With all the technologically sophisticated ways of dealing with sewage, there are still millions of people without access to proper sanitation. In India, for example, 10% of cities lack a sewage system, which means most waste goes into latrines that must be cleaned by hand.
The sanitation problem in India is really a social one. "Manual scavenging" is technical illegal in India, but between 400,000 to 1.2 million people are still employed for that, depending on whom you ask.
Because most of them belong to the "untouchable" caste, manual scavengers are treated with pretty much the same aversion as the excrement they have to clean up. But in a country where raw sewage floats down the sacred Ganges River, lack of access to proper sanitation hurts everyone. Human feces is teeming with bacteria and parasites responsible for diseases such as diarrhea, cholera, and intestinal worms.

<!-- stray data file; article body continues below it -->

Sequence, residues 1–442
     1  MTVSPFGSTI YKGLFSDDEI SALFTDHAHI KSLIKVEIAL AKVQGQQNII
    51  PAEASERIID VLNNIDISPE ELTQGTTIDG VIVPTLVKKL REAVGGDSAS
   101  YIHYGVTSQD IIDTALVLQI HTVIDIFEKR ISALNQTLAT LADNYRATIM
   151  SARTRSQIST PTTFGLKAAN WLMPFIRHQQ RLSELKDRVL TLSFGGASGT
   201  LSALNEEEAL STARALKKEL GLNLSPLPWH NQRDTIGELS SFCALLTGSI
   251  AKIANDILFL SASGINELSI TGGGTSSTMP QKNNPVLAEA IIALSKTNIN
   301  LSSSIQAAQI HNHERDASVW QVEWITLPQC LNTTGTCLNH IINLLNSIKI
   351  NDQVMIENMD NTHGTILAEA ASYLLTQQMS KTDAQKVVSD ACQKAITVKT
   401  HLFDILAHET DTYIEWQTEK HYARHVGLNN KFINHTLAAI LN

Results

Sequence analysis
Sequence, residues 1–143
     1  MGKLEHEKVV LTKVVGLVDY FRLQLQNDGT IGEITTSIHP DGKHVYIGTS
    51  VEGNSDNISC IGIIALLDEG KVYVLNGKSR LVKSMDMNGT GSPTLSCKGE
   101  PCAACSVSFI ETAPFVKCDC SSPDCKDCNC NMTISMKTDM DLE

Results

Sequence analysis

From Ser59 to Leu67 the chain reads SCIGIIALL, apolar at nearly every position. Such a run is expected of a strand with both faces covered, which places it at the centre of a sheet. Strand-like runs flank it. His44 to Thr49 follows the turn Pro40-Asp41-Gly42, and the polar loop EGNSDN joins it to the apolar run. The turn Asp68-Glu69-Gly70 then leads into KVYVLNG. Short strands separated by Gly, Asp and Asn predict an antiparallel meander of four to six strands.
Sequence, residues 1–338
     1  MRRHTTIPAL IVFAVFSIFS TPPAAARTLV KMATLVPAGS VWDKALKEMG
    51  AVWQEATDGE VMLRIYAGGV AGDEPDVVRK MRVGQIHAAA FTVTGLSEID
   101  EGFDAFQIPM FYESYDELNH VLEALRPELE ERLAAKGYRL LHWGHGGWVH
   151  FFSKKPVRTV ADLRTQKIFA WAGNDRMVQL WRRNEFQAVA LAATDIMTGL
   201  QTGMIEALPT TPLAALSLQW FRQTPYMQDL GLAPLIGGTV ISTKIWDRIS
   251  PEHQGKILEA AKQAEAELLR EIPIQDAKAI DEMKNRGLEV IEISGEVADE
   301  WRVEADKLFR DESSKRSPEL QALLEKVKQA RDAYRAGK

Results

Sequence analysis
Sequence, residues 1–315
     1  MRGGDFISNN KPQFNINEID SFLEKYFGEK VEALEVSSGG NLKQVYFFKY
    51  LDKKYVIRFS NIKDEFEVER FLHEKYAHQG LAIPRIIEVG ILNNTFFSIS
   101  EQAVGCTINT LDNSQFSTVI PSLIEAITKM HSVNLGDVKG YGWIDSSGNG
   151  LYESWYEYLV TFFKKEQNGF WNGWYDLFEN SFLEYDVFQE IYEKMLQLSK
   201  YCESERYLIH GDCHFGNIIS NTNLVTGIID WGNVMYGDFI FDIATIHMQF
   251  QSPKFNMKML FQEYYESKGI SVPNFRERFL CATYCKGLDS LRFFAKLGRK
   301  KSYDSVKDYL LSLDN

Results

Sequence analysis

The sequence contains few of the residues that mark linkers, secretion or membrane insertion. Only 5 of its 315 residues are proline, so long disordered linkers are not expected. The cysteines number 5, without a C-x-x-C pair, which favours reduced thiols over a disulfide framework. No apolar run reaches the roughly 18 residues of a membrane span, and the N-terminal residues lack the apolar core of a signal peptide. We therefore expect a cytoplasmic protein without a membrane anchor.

Every day, 1,000 children in India die from diarrhea alone.